denouncing urban renewal condemnations in her famous 1961 book The Death and Life of Great American Cities.
Due to attorney-client privilege, I can’t tell you very much
about my work with her. But I can say that it gave me a greater appreciation
for the ways in which this issue brings together people with widely different
political views. Jacobs was far to the left of me politically. But we were on
the same page when it comes to the use of eminent domain to forcibly displace
people for private development projects.
JB: What led to the development project in New
London? Does the history of the project suggest some
of the reasons why you think Kelo was wrongly decided?
Ilya Somin: The Kelo
condemnations were part of an economic development project planned by the New
London Development Corporation, a non-profit private entity that the City of New London authorized to
use eminent domain to carry out its plan. The NLDC wanted to redevelop an
economically troubled neighborhood in conjunction with Pfizer, Inc., a major
pharmaceutical firm that had set up a headquarters nearby and expected to
benefit from the takings.
The sad history of the project does indeed highlight some of
the weaknesses of the Kelo decision.
Justice John Paul Stevens’ majority opinion emphasizes the need to defer to the
government’s “carefully considered” planning process, which courts should not
“second guess.” But, in reality, the plan was badly flawed, as was pointed out
by critics at the time, including a prescient dissenting opinion by Justice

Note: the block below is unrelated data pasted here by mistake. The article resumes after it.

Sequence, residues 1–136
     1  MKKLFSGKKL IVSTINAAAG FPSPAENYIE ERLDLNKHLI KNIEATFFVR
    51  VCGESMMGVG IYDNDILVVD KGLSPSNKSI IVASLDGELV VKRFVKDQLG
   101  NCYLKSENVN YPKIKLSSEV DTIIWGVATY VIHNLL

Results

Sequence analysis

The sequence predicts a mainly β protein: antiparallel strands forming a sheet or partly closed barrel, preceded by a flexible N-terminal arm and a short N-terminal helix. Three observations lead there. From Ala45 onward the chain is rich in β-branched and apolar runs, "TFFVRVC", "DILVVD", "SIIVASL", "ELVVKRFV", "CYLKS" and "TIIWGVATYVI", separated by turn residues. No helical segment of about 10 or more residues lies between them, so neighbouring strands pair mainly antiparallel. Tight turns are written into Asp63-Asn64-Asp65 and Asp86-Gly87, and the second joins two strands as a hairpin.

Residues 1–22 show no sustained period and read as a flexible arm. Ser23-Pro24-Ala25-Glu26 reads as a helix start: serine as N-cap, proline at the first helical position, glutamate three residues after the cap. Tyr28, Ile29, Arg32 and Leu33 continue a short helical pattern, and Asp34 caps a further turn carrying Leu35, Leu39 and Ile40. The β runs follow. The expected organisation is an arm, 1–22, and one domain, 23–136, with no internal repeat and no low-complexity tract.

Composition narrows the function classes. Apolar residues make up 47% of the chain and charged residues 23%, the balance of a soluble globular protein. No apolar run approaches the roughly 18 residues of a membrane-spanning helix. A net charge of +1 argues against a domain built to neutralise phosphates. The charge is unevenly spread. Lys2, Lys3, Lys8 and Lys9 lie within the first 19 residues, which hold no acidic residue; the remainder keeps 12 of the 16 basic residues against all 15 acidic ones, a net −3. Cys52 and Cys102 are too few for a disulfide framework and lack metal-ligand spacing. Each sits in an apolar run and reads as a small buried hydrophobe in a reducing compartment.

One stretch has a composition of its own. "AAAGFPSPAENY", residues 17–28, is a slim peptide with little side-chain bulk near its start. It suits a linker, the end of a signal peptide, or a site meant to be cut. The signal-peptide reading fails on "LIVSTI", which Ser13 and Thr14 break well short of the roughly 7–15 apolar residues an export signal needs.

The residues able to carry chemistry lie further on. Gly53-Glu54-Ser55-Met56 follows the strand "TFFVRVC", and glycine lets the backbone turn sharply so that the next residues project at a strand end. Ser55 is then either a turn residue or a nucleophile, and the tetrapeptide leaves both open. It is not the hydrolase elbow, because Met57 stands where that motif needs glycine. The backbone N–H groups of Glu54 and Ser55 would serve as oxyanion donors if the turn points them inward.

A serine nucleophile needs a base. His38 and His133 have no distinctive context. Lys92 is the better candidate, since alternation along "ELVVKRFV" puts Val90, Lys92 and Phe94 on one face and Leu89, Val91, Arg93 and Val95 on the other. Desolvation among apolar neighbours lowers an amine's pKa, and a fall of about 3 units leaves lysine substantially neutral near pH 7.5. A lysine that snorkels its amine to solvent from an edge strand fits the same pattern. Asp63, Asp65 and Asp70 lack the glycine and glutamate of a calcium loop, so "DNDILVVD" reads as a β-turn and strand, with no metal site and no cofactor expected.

Zarella in the Connecticut Supreme Court. As a result, nothing has been built
on the condemned land to this day, except for some improvised shelters for the
feral cats who now inhabit the property.
The existence of a planning process is no assurance that the
plan will actually provide the “economic development” that supposedly justified
the use of eminent domain in the first place. The majority was also wrong to
assume that a planning process is likely to prevent special interest favoritism
in the use of eminent domain. In reality, powerful private interests often have
a great deal of influence over planning bodies, as the evidence shows Pfizer
had in this case.
JB: This book follows on your earlier book, Democracy and Political Ignorance, which argues that people may rationally decide not to pay much attention to political
issues. How does political ignorance play a role in your story?
Ilya Somin: Political ignorance factors into the Kelo story in at least two ways. First, one reason why the decision
was so shocking to public opinion is that most Americanshad no idea that these takings had been going
on for a long time, and had been permitted under Supreme Court precedent going
back to 1954. That ignorance also helps explain why these kinds of
condemnations went on for so long, despite the fact thatmost of the public would have disapproved had
they been aware of it.
Second, ignorance reduced the effectiveness of the political
backlash created by Kelo. Although
numerous states enacted eminent domain reform laws in the wake of the decision,
more than half only pretend to constrain economic development takings, without
actually doing so. Politicians were able to get away with that in many states,
in large part because most of the public can’t tell the difference between
effective reform laws and ones that are mostly for show. Survey data I compiled
in my research shows that only 13 percent of Americans knew whether their state
had enacted effective post-Kelo reforms